My wife won a one-month free trial for Son Number Two at our local parkour shed. “Parkour complex” or “parkour arena” would probably be what the owners would like me to call it, but that is not accurate. They are basically running their parkour business in what appears to be an abandoned warehouse.

Not one to waste a free trial, my wife signed Son Number Two up for four days a week after school. I protested that we don’t even practice actual sports that much, but she kept saying, “It’s only for a month.”

The first time we set foot in the parkour palace of disappointment, my first thought was, “It’s only going to be for one minute, not one month.” The whole place looked like an advertisement for tetanus shots.

Apparently, the “sports equipment” used for parkour consists of boxes and walls and ramps made out of plywood, with metal pipes sticking out of various places. We watched as a group of parkour-ers monkey-ran past us on all fours. The floor was dirty. The employees were dirty. The parkour-ites were dirty. Everything was dirty.

Now, I don’t mean dirty like, “I was just out playing baseball or soccer and now I’m all dirty.” I mean, “I shower on a semi-monthly basis” dirty.

Across the way there were some parkour-enese moms who were obviously lifetime members at the parkour shack. Many of them had dreadlocks. They all had dirty, androgynous children with long, shaggy hair, running wild, doing parkour-ish movements.

I debated just leaving, but I knew I would be sleeping on the couch if Son Number Two turned on me and reported to his mother that we just left and got ice cream instead. So we stayed. I checked him in and told him not to touch anything. Off he went with his grimy “coach,” and off I went to find a spot to sit. The parkour hut offered a multitude of different comfortable spectator seating options, all of which were dirty. I’m a guy, so it’s pretty rare for me to look at a piece of furniture and have reservations about sitting on it, but the couches offered to me looked like something a homeless person who sleeps in a cardboard box might take a pass on.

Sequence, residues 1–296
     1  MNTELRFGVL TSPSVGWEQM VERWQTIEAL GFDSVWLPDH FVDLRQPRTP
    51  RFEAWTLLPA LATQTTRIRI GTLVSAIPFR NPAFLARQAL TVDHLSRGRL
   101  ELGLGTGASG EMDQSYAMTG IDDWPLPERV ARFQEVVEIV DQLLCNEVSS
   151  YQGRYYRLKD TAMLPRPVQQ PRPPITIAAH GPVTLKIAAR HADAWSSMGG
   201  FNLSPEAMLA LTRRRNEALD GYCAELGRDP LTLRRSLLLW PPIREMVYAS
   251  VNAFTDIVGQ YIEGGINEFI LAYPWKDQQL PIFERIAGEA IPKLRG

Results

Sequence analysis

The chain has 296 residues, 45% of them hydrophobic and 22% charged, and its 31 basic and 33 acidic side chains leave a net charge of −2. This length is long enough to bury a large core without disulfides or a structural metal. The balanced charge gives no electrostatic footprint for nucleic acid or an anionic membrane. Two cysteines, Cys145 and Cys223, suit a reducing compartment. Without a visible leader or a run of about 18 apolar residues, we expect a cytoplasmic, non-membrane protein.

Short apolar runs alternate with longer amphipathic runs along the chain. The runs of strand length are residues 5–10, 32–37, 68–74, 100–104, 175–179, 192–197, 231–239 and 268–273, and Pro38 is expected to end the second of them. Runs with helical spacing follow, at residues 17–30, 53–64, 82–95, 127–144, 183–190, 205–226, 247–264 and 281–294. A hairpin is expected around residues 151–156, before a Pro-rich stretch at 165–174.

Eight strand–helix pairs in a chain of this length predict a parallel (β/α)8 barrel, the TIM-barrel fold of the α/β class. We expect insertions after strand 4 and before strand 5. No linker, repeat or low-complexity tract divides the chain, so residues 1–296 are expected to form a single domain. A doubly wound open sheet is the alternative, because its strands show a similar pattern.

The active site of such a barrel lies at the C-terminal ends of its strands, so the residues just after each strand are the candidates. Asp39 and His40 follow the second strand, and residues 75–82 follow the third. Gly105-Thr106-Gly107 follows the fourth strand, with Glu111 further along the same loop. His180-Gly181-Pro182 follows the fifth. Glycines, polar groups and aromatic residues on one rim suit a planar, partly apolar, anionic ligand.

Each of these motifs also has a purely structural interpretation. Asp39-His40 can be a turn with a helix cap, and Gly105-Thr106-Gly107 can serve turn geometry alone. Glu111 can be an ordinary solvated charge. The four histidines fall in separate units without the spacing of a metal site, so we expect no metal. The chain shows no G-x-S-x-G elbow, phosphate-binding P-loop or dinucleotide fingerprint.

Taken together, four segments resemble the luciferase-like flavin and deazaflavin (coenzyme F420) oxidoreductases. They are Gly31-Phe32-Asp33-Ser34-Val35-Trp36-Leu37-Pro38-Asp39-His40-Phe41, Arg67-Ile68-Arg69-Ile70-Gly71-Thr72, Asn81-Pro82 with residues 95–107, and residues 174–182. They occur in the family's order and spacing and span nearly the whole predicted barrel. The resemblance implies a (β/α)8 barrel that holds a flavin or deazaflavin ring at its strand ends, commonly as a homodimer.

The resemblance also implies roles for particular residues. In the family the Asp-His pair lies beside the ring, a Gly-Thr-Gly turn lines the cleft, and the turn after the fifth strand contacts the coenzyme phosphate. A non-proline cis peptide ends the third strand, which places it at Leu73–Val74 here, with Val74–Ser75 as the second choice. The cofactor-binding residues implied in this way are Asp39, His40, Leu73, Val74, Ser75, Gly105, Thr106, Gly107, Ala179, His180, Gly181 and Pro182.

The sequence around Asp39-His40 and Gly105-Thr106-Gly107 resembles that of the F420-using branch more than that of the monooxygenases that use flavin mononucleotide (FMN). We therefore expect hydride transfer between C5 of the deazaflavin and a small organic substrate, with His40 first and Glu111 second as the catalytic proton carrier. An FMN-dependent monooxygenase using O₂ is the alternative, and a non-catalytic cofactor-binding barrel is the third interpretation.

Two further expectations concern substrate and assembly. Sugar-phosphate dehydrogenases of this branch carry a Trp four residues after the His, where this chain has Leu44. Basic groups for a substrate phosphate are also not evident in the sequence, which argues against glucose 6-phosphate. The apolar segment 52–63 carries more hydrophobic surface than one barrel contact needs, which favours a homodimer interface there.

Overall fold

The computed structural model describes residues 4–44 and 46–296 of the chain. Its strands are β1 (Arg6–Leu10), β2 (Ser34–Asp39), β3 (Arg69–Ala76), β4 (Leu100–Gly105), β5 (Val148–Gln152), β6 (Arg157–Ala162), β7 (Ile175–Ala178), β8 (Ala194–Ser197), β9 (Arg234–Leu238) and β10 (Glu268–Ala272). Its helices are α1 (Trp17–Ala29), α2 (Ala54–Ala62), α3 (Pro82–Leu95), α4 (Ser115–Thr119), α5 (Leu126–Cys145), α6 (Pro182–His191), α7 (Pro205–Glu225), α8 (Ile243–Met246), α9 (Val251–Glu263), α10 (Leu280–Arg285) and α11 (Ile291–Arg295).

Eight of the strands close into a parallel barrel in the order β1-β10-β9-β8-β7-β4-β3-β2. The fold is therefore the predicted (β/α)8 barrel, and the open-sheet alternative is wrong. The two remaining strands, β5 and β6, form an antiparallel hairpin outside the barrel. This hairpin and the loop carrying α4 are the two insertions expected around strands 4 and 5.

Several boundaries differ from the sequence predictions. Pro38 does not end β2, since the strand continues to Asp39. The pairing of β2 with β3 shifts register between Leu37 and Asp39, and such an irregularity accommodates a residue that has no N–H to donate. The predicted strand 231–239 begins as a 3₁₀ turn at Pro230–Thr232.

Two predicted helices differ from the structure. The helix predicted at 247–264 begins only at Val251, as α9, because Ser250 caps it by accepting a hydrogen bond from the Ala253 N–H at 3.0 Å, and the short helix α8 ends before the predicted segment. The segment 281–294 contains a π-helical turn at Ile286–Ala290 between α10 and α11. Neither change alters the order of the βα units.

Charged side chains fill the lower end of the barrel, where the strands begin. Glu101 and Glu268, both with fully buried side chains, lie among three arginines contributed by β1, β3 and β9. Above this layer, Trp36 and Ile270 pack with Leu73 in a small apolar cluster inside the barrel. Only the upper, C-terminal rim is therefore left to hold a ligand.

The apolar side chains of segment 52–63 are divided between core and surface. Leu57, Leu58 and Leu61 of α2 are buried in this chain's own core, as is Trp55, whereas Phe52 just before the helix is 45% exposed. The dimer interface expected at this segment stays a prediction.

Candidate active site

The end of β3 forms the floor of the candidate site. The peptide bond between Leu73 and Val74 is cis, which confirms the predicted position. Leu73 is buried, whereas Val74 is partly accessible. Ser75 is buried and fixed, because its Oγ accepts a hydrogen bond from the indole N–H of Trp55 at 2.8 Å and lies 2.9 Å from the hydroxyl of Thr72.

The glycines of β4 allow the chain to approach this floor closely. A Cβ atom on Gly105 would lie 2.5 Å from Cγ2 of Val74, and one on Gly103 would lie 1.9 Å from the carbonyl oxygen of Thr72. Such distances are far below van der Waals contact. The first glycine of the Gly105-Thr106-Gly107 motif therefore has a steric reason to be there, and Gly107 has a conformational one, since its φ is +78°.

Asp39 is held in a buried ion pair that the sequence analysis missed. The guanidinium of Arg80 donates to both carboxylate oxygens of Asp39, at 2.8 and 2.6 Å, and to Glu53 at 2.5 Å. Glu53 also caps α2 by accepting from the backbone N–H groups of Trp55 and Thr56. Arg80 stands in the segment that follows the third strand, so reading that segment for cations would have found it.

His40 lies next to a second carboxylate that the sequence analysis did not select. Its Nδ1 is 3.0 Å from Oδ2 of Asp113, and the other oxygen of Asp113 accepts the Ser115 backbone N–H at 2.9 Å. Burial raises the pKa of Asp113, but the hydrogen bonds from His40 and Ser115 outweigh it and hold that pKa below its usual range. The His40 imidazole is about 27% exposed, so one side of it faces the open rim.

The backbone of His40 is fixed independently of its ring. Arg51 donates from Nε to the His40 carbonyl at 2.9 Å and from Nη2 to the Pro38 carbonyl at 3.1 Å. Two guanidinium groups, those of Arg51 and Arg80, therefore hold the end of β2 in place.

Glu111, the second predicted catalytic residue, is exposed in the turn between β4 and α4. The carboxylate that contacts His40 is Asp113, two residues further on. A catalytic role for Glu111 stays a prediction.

Five minutes into the lesson, I realized that parkour instruction is basically cat burglar school. Run up a wall. Dive through a window. Swing on this pipe. Jump from this ledge to that ledge. They were basically teaching my kid how to be a second-story man. The running and jumping over things part seems to be the getaway maneuvers.

As soon as I realized that, I immediately asked myself, “If all these grimy instructors are so good at climbing up the side of buildings, why is this place such a dump? They could be running a pretty successful burglary syndicate and rolling in the dough. Slackers.”

Ten minutes into the lesson I realized that being a parkour coach does not require having an actual plan for the half-hour lesson. Basically you stand there and watch kids climb on stuff. Slackers is right!

Up until this point I had thought that soccer was the most annoying sport I would ever be involved in, but now, here was parkour; a bright new shining beacon of suck. Seeing this new level of lame, while standing next to the dirtiest couch in America trying not to get lice, led me to contemplate some sports comparisons.

Baseball in practiced and played in the bright sunshine on a green field.
Soccer is practiced and played in the bright sunshine on a green field that really should just be made into a baseball diamond.
Parkour is practiced in a dim, grimy warehouse with a questionable lease status, and played in YouTube videos of people hurting themselves.

Baseball requires special shoes called cleats.
Soccer requires special shoes that resemble baseball cleats, except they cost twice as much because they are neon and have the laces on the side where they shouldn’t be.